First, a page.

Some People Really Are Victims of Bad Family Policies

COMMENTARY: The thing is, America’s citizens have the tools to correct that course.

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Tucker Carlson, a popular Fox News commentator, recently raised a firestorm with his comment in his Jan. 2 monologue, “If you want to put America first, you’ve got to put its families first.” Not only did the left make predictable objections. Some conservative critics, for instance, at National Review, also took issue with Carlson’s opinions. I am fundamentally not here to defend Tucker Carlson. He is a big boy in the media and can take of himself. Nor do I wish to pick a fight with his conservative critics: They make important points. I just want to say two things. First, some people really are victims of bad public policy regarding the family. Second, some people in the elite classes really are imposing their values on everyone else. Calling this “class warfare” is not too strong a description of our current policy situation regarding marriage and family.

Carlson’s critics jump up and down all over him about his suggestion that the elites are victimizing people. “Creating a victim culture is bad,” they say. I agree. But if people are victims of injustice, we need to put a stop to the injustice. People who have been kicked out of their families by no-fault divorce are, in fact, victims. Professor Stephen Baskerville has documented this extensively in The New Politics of Sex. Welfare recipients whose marriage decisions are distorted by marriage penalties built into social-assistance payments can also be considered victims. So are children whose minds are poisoned against both self-discipline and marital fidelity by sex “education” in government-funded schools. (Who gave the state the right to teach children how to put condoms on bananas? Where are the libertarians when you need them?)

“Class warfare is destructive,” Carlson’s critics say. I agree. But if one group of people is systematically advocating policies that benefit their class and are destructive to other classes, what exactly are we supposed to call it? Here are a few examples that I am willing to call “class warfare.”

The people of Texas, acting through their duly elected state legislators, enacted health-and-safety legislation for abortion businesses. The Supreme Court decision Whole Women’s Health v. Hellerstedt overturned those regulations. Only after the Supreme Court handed down its decision did the public learn the source of the funding for the research that supported the arguments in the case. The Susan Thompson Buffett Foundation (billionaire Warren Buffett’s foundation in honor of his deceased wife) and other big-money-funded foundations had been financing pro-abortion research for over a decade in anticipation of court challenges to pro-life legislation. Wealthy people overturning laws enacted through the democratic process is an act of class warfare. This is especially true when the law in question was an attempt to provide safer conditions for (mostly) poor people seeking abortions.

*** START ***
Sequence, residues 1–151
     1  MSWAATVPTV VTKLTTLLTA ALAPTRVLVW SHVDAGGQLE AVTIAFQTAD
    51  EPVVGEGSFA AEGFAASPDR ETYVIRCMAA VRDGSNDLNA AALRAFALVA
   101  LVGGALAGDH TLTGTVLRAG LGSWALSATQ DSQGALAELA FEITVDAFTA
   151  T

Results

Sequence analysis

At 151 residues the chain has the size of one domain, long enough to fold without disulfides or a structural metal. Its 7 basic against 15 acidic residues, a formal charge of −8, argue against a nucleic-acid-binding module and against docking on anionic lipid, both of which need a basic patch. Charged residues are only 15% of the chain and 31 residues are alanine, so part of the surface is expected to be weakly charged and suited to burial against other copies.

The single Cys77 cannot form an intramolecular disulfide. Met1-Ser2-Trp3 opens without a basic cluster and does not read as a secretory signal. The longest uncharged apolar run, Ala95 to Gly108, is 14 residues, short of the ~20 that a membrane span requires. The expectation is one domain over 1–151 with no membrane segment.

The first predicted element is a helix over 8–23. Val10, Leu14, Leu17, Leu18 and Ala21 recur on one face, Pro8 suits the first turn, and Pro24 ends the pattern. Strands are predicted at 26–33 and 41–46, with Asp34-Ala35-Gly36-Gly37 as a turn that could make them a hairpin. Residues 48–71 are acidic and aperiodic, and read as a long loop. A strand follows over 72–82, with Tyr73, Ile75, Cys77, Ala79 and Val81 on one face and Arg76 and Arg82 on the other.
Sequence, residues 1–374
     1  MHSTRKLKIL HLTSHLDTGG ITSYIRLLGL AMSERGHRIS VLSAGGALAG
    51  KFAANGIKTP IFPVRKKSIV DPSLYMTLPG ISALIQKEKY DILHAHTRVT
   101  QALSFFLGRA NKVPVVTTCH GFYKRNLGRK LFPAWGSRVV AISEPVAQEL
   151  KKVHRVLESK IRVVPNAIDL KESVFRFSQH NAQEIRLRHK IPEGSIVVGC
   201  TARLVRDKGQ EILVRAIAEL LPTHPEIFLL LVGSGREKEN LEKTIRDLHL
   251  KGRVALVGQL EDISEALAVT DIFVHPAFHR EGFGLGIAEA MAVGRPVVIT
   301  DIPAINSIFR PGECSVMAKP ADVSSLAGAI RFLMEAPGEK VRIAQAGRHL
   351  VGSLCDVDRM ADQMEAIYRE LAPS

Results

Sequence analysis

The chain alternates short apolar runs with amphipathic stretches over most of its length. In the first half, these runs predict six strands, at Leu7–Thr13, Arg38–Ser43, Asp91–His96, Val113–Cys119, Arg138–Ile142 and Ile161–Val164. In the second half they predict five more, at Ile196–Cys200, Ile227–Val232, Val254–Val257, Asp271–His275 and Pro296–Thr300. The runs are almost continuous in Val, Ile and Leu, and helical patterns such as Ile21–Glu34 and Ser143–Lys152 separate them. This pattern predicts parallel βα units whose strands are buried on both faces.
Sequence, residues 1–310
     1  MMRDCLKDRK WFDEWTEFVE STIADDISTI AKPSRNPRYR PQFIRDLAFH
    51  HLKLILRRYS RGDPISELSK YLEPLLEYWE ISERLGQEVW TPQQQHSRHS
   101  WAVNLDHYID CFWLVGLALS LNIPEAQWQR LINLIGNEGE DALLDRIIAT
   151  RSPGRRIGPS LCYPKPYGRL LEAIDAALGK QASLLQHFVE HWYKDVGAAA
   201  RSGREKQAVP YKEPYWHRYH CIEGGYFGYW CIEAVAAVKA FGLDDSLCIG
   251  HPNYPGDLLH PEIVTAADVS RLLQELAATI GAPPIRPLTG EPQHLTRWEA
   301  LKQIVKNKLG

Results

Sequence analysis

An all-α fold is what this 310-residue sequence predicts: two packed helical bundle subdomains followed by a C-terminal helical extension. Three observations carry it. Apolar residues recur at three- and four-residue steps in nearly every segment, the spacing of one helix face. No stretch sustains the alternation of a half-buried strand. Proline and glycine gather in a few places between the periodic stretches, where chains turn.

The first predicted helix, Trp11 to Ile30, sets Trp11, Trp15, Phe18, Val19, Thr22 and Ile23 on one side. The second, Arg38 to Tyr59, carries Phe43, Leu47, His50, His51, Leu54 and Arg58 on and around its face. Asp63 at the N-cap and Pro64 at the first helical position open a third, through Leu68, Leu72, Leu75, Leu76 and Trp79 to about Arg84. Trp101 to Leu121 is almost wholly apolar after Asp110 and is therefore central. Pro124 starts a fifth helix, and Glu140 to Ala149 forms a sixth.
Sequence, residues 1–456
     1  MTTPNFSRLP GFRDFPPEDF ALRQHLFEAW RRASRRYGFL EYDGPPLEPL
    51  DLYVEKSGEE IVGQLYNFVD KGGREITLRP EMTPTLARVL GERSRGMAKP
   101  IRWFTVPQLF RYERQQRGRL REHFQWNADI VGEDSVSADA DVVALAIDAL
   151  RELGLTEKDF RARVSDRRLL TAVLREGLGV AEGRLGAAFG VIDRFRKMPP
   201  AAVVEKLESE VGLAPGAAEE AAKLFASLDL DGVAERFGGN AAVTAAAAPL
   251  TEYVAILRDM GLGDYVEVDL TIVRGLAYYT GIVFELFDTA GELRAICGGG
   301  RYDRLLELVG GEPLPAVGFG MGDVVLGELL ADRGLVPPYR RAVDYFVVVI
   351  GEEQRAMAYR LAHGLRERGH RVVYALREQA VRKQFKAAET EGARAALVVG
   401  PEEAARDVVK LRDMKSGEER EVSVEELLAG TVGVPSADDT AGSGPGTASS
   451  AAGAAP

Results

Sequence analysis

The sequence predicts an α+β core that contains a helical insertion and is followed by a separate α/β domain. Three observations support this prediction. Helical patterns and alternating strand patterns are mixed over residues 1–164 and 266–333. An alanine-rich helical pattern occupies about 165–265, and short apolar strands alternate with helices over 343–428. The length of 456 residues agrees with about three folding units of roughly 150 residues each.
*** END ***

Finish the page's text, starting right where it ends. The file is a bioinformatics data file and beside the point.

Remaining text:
Medicaid rules favor a particular view of human sexuality. Contraception must be offered to all minors without their parents’ consent or knowledge. This policy places a wedge between parents and their children. It undermines parents’ ability to responsibly guide their own children. These rules don’t directly affect most college-educated professionals, since they are unlikely to ever qualify for Medicaid. In other words, rules made by the managerial technical classes undermine the parental authority of poor parents who rely on Medicaid. That’s class warfare.

I’m not saying that the class warfare waged by sexual revolutionaries is the hard-edged, deterministic, economic class warfare so beloved by Marxists. Sexual revolution class warfare is not deterministic: Many in the managerial classes do not agree with or promote these policies. For instance, pro-life doctors and lawyers dissent from this ideology. And they are very aware that they are unusual among their professional colleagues.

Nor am I saying that college-educated professionals intend to harm poor people. Nor am I saying that economic gain is the only, or even the primary, motivation for these sexual revolutionary anti-family policies. The motivations are more complex. But I do claim that poorer people are suffering disproportionately from policies supported and implemented disproportionately by better-off people.

It is also undeniable that some people are making money from the sexual revolution and from family breakdown. One can say that there is a whole industry of divorce professionals. Not only lawyers and judges make money from divorce. Financial analysts, mediators, psychologists and social workers get involved in dividing the assets of the family during the divorce process and managing conflict after divorce.

Truly poor people in our society don’t have many divorces; they don’t get married in the first place. But our social-welfare system based on nonmarital childbearing creates jobs for thousands of members of the managerial class. All those government payments must be processed. Social programs, including housing, medical, educational and after-school programs, all must be administered. Applications must be taken. Eligibility must be determined. Someone — usually someone with some level of college education — must do all these jobs.

I don’t know what Tucker Carlson or his critics meant to say about all this. But I know what I mean. We have numerous family policies that are stupid and destructive. We could change those policies if we wanted to. I want to. How about you?

Jennifer Roback Morse, Ph.D., is the author of The Sexual State: How Elite Ideologies Are Destroying Lives and How the Church Has Been Right All Along,

which includes a 15-point “Manifesto for the Family. The first 10 of those points are things the government must stop doing.